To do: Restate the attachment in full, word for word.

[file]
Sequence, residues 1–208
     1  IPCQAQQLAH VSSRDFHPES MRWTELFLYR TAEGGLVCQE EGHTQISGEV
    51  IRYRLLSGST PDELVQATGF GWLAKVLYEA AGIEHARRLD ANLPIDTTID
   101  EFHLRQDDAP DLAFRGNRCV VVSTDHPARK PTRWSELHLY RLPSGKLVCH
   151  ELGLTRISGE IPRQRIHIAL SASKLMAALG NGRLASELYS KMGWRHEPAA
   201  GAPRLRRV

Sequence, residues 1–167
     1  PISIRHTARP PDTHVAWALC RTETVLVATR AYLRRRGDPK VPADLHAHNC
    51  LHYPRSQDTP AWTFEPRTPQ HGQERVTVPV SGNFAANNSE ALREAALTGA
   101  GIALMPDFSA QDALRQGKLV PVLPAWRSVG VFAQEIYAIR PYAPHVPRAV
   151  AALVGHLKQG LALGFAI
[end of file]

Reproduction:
Sequence, residues 1–208
     1  IPCQAQQLAH VSSRDFHPES MRWTELFLYR TAEGGLVCQE EGHTQISGEV
    51  IRYRLLSGST PDELVQATGF GWLAKVLYEA AGIEHARRLD ANLPIDTTID
   101  EFHLRQDDAP DLAFRGNRCV VVSTDHPARK PTRWSELHLY RLPSGKLVCH
   151  ELGLTRISGE IPRQRIHIAL SASKLMAALG NGRLASELYS KMGWRHEPAA
   201  GAPRLRRV

Sequence, residues 1–167
     1  PISIRHTARP PDTHVAWALC RTETVLVATR AYLRRRGDPK VPADLHAHNC
    51  LHYPRSQDTP AWTFEPRTPQ HGQERVTVPV SGNFAANNSE ALREAALTGA
   101  GIALMPDFSA QDALRQGKLV PVLPAWRSVG VFAQEIYAIR PYAPHVPRAV
   151  AALVGHLKQG LALGFAI